I'm working on a project that does lots of different, horribly complex things, in a framework that is supposed to be easily extensible by others.
At first, classes were large and did multiple things. In order to change those behaviors, you had to extend those classes. The methods were all virtual and didn't change the object's state, so it was pretty easy to do this.
But as the system grew, it became more clear that the framework was going to end up with a series of monolithic objects, each with looooong inheritance chains. This also resulted in unexpected dependencies--an abstract method taking a collection of class X to produce object Y defined in a base class dictated that EVERYBODY had to do it this way, even when it made no sense for half of the inheritance tree. This also resulted in massive classes that required tens of unit tests to get the code coverage over 80%, and the complexity was such that you weren't sure if you covered everything correctly. It was obvious this design would cause the framework to be very rigid and inflexible.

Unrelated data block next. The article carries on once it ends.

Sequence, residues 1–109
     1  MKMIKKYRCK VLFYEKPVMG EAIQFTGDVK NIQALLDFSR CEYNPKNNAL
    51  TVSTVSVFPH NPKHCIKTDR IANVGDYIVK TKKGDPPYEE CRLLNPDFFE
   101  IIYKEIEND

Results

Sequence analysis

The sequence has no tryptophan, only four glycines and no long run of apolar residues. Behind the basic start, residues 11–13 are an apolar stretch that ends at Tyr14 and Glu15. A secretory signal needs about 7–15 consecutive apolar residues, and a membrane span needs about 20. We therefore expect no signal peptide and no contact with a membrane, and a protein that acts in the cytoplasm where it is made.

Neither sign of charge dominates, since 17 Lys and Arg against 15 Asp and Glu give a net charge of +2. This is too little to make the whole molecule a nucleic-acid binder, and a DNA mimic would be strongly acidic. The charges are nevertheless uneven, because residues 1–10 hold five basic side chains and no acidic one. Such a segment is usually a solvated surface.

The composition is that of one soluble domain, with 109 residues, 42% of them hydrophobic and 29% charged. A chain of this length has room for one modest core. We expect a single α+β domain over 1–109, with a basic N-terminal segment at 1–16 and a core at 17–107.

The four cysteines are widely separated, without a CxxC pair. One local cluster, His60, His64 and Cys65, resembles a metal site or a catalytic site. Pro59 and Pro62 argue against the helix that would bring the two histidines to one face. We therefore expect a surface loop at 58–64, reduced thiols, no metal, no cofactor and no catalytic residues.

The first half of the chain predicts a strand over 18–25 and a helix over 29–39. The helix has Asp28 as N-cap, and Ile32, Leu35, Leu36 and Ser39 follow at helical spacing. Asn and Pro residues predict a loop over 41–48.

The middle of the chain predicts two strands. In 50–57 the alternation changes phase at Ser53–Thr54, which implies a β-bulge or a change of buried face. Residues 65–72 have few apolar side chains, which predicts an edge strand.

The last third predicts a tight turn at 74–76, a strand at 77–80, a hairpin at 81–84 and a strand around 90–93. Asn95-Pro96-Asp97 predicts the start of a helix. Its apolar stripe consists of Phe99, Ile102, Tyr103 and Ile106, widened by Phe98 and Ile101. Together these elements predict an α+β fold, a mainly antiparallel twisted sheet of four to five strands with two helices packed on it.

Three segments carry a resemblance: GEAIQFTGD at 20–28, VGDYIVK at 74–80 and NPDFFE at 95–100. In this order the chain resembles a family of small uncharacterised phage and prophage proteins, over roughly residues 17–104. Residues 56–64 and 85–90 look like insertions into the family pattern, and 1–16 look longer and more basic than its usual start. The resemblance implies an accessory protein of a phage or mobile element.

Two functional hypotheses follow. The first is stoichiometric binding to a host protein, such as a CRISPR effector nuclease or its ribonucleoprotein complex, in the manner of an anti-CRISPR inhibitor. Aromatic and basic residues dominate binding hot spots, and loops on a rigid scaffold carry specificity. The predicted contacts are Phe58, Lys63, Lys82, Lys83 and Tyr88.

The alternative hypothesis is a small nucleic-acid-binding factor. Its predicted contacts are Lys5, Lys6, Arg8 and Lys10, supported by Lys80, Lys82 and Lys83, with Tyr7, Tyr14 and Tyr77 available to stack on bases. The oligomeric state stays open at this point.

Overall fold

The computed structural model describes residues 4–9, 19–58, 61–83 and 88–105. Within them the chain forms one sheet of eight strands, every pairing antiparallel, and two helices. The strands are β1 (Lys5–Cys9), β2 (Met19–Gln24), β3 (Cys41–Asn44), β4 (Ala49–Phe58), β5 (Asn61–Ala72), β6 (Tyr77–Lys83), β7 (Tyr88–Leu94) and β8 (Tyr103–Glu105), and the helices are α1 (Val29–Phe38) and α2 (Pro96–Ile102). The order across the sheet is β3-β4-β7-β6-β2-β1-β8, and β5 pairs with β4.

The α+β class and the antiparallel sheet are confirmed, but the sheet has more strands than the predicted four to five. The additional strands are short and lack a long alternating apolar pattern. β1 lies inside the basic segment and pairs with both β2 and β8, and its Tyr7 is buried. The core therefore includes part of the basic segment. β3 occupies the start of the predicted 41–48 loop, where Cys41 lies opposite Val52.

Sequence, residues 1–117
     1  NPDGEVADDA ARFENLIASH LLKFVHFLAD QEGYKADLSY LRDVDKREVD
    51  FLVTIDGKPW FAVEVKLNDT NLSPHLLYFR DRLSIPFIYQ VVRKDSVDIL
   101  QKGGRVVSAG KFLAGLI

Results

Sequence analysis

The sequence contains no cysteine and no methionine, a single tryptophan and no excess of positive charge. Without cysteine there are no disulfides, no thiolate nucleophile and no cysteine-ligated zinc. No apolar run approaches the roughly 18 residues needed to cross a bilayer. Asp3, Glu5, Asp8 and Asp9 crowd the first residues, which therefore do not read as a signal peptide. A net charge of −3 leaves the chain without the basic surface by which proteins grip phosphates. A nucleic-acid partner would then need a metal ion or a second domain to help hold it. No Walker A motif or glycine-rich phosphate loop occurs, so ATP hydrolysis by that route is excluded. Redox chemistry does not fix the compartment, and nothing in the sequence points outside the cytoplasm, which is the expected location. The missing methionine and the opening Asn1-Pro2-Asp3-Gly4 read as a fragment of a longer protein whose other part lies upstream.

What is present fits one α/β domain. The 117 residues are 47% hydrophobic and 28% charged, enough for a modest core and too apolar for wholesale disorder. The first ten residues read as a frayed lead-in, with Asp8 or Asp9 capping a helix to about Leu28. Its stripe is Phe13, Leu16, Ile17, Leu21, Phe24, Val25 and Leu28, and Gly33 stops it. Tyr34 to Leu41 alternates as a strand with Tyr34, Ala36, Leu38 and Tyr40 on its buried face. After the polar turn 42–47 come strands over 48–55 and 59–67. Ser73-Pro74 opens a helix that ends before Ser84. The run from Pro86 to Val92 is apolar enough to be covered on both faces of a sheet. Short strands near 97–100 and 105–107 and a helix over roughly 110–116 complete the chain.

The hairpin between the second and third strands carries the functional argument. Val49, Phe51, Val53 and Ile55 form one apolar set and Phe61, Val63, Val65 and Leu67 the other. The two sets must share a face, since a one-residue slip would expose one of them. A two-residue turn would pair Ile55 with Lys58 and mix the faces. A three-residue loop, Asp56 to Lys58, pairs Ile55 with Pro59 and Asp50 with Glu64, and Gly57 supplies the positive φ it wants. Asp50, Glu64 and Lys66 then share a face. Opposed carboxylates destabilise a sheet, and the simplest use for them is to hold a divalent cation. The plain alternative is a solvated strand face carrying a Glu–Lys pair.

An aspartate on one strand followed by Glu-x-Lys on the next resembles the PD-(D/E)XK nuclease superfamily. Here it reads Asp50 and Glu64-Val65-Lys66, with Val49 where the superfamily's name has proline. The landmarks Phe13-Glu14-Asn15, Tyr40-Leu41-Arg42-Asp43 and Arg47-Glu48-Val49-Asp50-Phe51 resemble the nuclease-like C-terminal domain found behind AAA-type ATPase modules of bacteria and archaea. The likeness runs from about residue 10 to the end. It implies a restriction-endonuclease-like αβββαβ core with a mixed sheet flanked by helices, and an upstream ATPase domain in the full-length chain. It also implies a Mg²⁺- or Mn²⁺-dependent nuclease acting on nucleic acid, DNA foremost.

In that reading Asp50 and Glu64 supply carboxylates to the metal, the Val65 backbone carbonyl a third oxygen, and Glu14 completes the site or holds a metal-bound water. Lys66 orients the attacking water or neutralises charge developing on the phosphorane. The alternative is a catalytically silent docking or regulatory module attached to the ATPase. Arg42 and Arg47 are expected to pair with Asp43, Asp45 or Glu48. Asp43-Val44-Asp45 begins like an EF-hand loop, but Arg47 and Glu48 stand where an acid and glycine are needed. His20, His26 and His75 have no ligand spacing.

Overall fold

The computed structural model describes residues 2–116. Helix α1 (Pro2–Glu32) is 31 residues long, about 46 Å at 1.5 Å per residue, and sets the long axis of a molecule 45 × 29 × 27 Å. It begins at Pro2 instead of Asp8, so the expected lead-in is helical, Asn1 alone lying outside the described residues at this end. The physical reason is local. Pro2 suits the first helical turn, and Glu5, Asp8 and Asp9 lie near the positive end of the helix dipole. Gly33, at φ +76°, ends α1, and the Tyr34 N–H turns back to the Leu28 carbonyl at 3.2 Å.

So we redesigned everything along SRP lines. You'd have your interface, a base class and, possibly, one or more implementation classes. Each one was composed of different objects which performed key functions of the overall process. If you wanted to change one part, you didn't override a method, you would produce another object that extended the requisite interface/base class and performed its job differently. SRP was even taken down into the arguments and return values of the class methods. For those parts of the system that needed to be flexible, rather than pass collections of X class that are used to produce Y objects, a class was created to encapsulate the process of production of Y objects. Components in the system would then pass these producers around, combine them with others (the responsibility of the producers), and eventually use them to produce Y. This allowed for different types of producers to be created, all of which could be treated exactly the same, even though they did vastly different things. The move also drastically reduced each class' code base and made them MUCH easier to test.
I would say that, as a new developer, it is VERY HARD to break everything down to this level. You almost have to write a big ball of mud, understand how it works, then redesign it as several different components, each taking responsibility for a part of the whole.